_{z}varies significantly along the vertical direction and shows a relatively high value at the high permeable zones. Such a phenomenon is consistent with that shown in the storage phase (see Figure 3(a2,a3)), indicating complex flow conditions in the recovery phase for the two heterogeneous cases. Additionally, the q

_{r}values in the ‘EH’ layers are different between the two heterogeneous cases. The faster q

_{r}in the ‘INC’ case is the result of summation between forced and free convection, whereas the slower q

_{r}in the ‘DEC’ case is caused by the subtraction of flow velocity due to the density effect from forced convection.

_{r}

^{ave}and K

_{z}

^{ave}) overestimates the ASR RE under density-dependent conditions. Such an overestimation is reduced but still non-negligible after ten ASR cycles. Consistently, the absolute difference of RE values among different scenarios is up to 22% in the first cycle (shown as circles), but it reduces to a maximum absolute difference of 9% after ten ASR cycles (shown as crosses).

## 5. Conclusions

## Author Contributions

## Funding

## Acknowledgments

## Conflicts of Interest

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**Figure 1.**Conceptual model of 2D axisymmetric flow and transport associated with ASR implemented in a confined five-layer aquifer.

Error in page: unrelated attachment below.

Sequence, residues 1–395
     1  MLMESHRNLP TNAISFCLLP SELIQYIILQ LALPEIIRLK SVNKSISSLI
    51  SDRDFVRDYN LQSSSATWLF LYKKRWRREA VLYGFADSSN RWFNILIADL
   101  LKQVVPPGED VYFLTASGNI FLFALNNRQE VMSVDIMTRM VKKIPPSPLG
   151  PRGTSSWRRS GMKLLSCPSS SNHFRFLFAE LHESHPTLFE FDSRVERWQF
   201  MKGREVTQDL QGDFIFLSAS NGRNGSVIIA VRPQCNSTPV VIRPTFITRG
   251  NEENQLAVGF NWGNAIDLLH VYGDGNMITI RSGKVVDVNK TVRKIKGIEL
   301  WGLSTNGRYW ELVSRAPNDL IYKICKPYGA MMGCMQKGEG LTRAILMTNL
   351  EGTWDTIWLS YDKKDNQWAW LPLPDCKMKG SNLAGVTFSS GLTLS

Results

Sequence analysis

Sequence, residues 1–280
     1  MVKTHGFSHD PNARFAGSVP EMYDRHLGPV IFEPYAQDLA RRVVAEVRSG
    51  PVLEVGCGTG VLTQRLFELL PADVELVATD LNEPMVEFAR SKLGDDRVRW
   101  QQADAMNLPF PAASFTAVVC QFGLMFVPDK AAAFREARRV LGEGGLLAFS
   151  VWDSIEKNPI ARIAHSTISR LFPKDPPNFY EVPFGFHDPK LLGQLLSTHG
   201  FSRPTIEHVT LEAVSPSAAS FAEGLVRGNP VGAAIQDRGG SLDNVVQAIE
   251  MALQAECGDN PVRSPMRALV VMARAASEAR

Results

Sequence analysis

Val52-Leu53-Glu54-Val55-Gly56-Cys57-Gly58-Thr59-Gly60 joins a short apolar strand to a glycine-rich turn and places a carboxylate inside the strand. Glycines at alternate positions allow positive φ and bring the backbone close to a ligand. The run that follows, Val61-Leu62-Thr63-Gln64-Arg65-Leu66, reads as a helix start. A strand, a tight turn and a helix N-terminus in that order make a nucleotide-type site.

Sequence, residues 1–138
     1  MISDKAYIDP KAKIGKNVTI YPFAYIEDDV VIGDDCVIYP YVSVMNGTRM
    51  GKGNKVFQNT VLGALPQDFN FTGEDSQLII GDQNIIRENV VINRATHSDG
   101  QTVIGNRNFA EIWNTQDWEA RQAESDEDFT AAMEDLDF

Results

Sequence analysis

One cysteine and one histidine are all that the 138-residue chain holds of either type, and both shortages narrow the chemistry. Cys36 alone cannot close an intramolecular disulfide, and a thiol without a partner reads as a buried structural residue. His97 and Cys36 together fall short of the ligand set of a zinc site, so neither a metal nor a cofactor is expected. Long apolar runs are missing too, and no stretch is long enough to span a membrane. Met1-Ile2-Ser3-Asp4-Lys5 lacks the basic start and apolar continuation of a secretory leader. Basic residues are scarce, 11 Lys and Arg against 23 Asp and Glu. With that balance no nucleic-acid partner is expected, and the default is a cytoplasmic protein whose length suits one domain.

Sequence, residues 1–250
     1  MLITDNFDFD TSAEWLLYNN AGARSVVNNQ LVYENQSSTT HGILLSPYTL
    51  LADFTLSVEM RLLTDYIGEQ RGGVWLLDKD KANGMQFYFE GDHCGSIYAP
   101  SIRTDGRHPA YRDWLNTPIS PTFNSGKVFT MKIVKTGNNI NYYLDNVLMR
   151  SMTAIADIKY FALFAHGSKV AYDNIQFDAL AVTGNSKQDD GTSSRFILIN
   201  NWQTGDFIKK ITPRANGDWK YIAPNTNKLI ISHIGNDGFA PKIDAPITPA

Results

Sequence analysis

**Figure 2.**Salinity distributions at the end of injection (

**a1**–

**a3**), storage (

**b1**–

**b3**), and recovery (

**c1**–

**c3**) phases for the first ASR cycle. Results shown are for the equivalent homogeneous anisotropic case (‘Hom’), the heterogeneous cases where isotropic hydraulic conductivity decreases from the aquifer top to the bottom (‘DEC’), and that increases from the aquifer top to the bottom (‘INC’). Salinity contours of C = 0.3 g/L are plotted as white lines on salinity plots at the end of recovery, with RE values listed.

**Figure 3.**Flow field distributions at the intermediate storage phase (i.e., after 82 days of storage;

**a1**–

**a3**) and the salinity changes during storage (i.e., concentration difference between the end and start of the storage phase;

**b1**–

**b3**) for the first ASR cycle. Results shown are for the equivalent homogeneous case ‘Hom’ (top), and the heterogeneous cases ‘DEC’ (middle) and ‘INC’ (bottom). The black lines represent the contour of C = 5 g/L, indicating the approximate location of the fresh-saline interface.

**Figure 4.**Flow vectors at the intermediate recovery phase (i.e., after 50 days of storage;

**a1**–

**a3**) and the salinity changes during storage (i.e., the difference between the concentration distribution at the end of the recovery phase and that at the start;

**b1**–

**b3**) for the first ASR cycle. Results shown are for the homogeneous anisotropic case ‘Hom’ (top), and the heterogeneous cases ‘DEC’ (middle) and ‘INC’ (bottom). The black lines represent the contour of C = 5 g/L, indicating the approximate location of the fresh-saline interface.

**Figure 5.**Flow in the horizontal direction q